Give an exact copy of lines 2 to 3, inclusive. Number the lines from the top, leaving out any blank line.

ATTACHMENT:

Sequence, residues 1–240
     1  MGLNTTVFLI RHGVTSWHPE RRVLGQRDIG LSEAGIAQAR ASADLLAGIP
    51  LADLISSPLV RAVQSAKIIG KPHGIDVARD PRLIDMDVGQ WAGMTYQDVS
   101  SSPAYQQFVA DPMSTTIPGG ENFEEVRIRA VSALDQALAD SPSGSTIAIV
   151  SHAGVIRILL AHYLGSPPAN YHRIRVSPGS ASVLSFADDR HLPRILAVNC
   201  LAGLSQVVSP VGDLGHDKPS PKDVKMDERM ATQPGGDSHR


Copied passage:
     1  MGLNTTVFLI RHGVTSWHPE RRVLGQRDIG LSEAGIAQAR ASADLLAGIP
    51  LADLISSPLV RAVQSAKIIG KPHGIDVARD PRLIDMDVGQ WAGMTYQDVS